What is the UK terror threat level and how does it change?

The official terror threat level for the UK has been raised from “substantial” to “severe” following the recent Islamist attacks in mainland Europe.

But Home Secretary Priti Patel announced on Tuesday that the official terror threat level had been raised “as a precautionary measure and is not based on any specific threat”.

Here, the PA news agency explains how the threat level system works:

– What does the severe rating mean?

Police officers guard the crime scene at a restaurant in Vienna, Austria
The move comes after a deadly attack in Vienna, Austria (Matthias Schrader/AP)

That authorities believe an attack in the UK is “highly likely”.

– How many levels are there?

Severe is the second highest out of five, behind critical which means an attack is expected imminently. The other three levels are substantial (an attack is a strong possibility), moderate (an attack is possible but not likely), and low (an attack is unlikely).

– Who decides the threat level?

A body called the Joint Terrorism Analysis Centre (JTAC), which was established in June 2003 and is based at MI5’s London headquarters.

The independent Joint Terrorism Analysis Centre has changed the UK national terrorism threat level to SEVERE.

This means that a terrorist attack is highly likely.

People should be alert but not alarmed & report concerns to the police.

Read more: https://t.co/JiKoBi87USpic.twitter.com/XVRRlnESHm

— Home Office (@ukhomeoffice) November 3, 2020

The JTAC is comprised of representatives from 16 Government departments and agencies.

– How is a judgment reached on the threat level?

A number of factors may be taken into account, including available intelligence, terrorist capability and terrorist intentions.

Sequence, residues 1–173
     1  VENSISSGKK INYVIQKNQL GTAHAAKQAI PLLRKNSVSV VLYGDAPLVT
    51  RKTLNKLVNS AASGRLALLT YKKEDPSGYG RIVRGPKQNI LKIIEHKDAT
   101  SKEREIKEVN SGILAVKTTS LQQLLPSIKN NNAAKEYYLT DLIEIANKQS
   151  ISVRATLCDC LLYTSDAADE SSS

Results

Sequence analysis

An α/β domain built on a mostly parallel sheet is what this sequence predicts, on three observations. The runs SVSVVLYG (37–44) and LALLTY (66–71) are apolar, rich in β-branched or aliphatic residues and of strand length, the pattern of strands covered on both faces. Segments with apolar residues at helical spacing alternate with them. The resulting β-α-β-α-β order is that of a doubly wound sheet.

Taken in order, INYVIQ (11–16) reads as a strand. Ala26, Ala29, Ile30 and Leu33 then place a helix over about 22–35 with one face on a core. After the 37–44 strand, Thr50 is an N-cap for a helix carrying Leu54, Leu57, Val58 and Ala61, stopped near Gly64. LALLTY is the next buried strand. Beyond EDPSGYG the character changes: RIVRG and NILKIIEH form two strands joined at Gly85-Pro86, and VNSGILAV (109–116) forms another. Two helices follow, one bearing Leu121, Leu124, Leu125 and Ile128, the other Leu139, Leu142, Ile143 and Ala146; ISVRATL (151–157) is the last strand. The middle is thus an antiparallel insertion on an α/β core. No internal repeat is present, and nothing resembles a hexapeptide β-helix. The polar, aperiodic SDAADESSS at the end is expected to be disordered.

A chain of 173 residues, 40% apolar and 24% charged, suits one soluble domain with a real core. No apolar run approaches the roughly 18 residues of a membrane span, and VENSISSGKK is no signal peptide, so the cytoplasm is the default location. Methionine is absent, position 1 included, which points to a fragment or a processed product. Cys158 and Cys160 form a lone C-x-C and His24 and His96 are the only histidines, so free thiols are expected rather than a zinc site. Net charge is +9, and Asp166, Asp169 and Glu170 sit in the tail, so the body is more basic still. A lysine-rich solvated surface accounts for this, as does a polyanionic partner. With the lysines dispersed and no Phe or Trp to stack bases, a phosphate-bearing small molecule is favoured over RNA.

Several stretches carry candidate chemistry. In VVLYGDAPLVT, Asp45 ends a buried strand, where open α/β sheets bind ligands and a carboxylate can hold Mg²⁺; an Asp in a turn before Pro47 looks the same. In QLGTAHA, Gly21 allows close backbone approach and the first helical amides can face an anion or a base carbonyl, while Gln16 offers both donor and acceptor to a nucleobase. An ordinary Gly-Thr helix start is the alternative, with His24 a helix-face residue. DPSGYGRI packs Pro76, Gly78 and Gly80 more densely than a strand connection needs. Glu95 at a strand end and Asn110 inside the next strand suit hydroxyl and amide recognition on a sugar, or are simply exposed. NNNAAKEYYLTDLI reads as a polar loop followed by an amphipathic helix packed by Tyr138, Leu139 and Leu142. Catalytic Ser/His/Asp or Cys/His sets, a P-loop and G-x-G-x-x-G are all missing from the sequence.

– How has the threat changed over the years?

The level was first made public in 2006. Since then, it has most often been at the severe level, and not been lower than substantial.

The critical level has been in place four times over the 14-year period: in August 2006, following a plot to detonate explosives on transatlantic flights; June 2007 over an attempted car bomb attack at Glasgow Airport; and in May and September 2017 after the Manchester Arena bombing and the Parsons Green District line attack respectively.

Manchester Arena
Manchester Arena (Peter Byrne/PA)

The UK’s rating was downgraded to severe a few days after the Parsons Green incident and remained there until it was lowered to substantial in November 2019, although Ms Patel said at the time the risk of an attack was still “likely”.

– How long does a threat level remain in place?

It depends on how high it gets. The threat level has only stayed at critical on each occasion for a matter of days and is usually downgraded once authorities have arrested suspects or are confident there is no immediate risk of another attack.

The JTAC reviews the terror level every six months but does not always raise it following attacks. It considered increasing the level to severe just weeks after the downgrading in November 2019 after the London Bridge Fishmongers’ Hall attack but kept it at substantial.

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